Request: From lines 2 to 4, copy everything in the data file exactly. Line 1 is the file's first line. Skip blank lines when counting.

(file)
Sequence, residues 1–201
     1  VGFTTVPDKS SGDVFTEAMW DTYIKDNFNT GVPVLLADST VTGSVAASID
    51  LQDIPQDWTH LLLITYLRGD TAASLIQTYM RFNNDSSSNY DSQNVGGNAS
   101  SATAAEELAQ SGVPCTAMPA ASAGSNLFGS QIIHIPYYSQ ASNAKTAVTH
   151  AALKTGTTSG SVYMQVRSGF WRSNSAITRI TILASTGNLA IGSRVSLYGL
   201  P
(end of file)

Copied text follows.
     1  VGFTTVPDKS SGDVFTEAMW DTYIKDNFNT GVPVLLADST VTGSVAASID
    51  LQDIPQDWTH LLLITYLRGD TAASLIQTYM RFNNDSSSNY DSQNVGGNAS
   101  SATAAEELAQ SGVPCTAMPA ASAGSNLFGS QIIHIPYYSQ ASNAKTAVTH